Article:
People walk through a market street in Hong Kong on May 22, 2021. (PETER PARKS / AFP)
HONG KONG – The number of Hong Kong’s low-income households almost doubled over the past two years due to the recession brought about by the pandemic and anti-government protests.
According to a government report issued on May 31, the number of low-income households in Hong Kong rose to 149,700 in the first quarter of this year compared to 75,600 during the same period in 2019. Their proportion among domestic households rose noticeably over a year earlier by 1.6 percentage points to 5.6 percent.
The government defines low-income households as families that have working members but receive a monthly income of less than HK$9,100 (US$1,173)
The government defines low-income households as families that have working members but receive a monthly income of less than HK$9,100 (US$1,173), on the basis of the latest inflation situation.
The deterioration is attributable to the city’s high unemployment rate, as nearly 105,000 people from these household were either jobless or underemployed.
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According to the report, the number of people in low-income households reached 301,600, among whom 171,900 were economically active.
Among these economically active persons, unemployed and underemployed persons accounted for 46 percent and 15 percent respectively, up from 39 percent and 9 percent over a year earlier.
The proportion of full-time workers accounted for 20 percent, lower than that of 23 percent from a year ago, according to the report.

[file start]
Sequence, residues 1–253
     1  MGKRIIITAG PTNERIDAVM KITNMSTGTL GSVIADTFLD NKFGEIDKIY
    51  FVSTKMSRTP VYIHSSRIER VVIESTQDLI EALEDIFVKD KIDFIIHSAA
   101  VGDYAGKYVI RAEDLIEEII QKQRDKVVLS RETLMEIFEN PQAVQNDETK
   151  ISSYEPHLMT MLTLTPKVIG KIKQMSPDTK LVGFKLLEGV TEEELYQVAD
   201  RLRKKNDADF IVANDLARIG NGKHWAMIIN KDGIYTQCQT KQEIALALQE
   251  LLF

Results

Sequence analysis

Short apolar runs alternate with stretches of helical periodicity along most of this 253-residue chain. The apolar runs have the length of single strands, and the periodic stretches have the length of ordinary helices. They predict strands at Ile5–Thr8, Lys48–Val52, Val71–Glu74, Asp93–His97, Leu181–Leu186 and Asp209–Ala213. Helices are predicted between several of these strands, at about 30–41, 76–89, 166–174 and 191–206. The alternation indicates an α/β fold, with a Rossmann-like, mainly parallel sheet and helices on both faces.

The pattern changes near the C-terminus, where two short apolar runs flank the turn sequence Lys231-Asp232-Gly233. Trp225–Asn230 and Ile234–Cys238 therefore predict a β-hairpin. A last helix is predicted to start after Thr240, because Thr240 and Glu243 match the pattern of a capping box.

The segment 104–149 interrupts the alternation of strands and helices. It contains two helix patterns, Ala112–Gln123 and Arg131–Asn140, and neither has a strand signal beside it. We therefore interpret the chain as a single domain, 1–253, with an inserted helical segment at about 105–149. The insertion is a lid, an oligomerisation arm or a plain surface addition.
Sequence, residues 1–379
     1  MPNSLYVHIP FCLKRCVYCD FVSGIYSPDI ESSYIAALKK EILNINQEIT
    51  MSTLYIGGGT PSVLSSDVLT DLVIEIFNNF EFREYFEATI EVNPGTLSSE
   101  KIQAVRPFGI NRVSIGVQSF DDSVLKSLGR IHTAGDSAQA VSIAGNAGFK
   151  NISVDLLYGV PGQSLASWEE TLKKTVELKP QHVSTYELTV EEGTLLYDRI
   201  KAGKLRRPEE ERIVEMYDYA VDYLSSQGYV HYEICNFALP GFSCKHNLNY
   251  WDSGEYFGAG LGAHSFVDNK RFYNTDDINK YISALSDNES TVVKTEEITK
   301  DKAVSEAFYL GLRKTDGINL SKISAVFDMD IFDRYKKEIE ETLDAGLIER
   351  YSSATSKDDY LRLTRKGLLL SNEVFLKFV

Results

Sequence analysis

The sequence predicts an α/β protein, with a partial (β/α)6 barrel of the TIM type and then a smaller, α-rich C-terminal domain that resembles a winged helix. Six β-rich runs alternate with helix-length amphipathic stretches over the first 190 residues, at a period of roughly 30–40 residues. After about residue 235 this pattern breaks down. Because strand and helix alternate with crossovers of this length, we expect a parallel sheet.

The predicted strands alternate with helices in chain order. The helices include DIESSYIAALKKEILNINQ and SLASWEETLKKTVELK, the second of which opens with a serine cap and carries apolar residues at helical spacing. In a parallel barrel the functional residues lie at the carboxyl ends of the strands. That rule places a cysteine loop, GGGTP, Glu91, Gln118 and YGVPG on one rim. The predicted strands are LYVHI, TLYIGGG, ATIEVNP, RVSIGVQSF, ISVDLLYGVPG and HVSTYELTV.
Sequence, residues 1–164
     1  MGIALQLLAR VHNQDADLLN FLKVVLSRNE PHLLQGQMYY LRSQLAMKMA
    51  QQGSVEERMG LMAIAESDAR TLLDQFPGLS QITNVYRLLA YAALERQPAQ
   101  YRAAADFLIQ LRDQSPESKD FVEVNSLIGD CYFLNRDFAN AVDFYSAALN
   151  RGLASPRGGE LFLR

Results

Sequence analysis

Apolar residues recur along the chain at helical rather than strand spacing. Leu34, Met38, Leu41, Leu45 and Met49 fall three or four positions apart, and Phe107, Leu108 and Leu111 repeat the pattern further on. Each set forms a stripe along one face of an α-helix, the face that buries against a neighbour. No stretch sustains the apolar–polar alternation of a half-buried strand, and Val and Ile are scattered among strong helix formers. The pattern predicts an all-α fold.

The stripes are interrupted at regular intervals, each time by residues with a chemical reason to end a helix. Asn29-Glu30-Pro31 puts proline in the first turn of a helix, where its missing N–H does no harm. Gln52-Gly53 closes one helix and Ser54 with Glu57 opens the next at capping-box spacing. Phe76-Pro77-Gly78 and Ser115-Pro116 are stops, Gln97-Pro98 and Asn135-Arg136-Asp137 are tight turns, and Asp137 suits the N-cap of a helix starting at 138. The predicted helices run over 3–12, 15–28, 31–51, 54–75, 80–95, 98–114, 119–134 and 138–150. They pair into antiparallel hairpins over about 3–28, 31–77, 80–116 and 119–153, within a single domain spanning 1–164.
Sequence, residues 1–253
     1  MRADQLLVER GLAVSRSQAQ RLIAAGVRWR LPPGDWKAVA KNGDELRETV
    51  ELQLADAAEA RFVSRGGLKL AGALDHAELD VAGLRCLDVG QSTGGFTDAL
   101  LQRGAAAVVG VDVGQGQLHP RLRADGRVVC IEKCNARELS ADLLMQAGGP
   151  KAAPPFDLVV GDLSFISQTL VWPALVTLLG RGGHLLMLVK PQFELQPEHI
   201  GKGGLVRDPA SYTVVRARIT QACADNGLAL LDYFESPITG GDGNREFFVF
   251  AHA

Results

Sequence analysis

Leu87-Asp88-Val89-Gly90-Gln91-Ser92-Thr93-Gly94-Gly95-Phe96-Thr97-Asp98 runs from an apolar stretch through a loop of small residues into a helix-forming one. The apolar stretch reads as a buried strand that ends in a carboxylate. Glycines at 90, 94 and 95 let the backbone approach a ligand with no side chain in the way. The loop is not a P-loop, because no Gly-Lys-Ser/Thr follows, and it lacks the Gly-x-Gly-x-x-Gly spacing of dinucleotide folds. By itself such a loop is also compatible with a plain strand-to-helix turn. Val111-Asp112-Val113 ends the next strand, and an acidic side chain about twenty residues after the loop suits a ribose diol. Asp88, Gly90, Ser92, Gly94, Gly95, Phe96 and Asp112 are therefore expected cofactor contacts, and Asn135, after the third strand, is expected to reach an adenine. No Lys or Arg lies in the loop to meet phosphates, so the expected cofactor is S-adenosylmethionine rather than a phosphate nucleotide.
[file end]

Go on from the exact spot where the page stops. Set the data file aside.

Analyzed by occupation, 79 percent of the employed persons living in low-income households were lower-skilled workers.
A breakdown by economic sector revealed that most of them were engaged in the retail, accommodation and food services sector (27,000 or 29 percent), followed by the transportation sector (12,300 or 13 percent).
“In the first quarter of 2021, the labor market was under notable pressure as the epidemic continued to weigh on economic activities involving more frequent people contact, but it improved somewhat lately as the local epidemic receded,” the report reads.
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It noted that the seasonally adjusted unemployment rate went up from 6.6 percent in the fourth quarter of 2020 to a 17-year high of 7.2 percent in December 2020 – February 2021 and subsequently declined to 6.4 percent in February – April 2021.
The median monthly household income, a reflection of the overall household income situation, also fell sharply by 7.9 percent in nominal terms or 8.9 percent in real terms in the first quarter of 2021 from a year earlier.
This reflected to a certain extent the decreased number of working members in households, according to the report.
With inputs from Bloomberg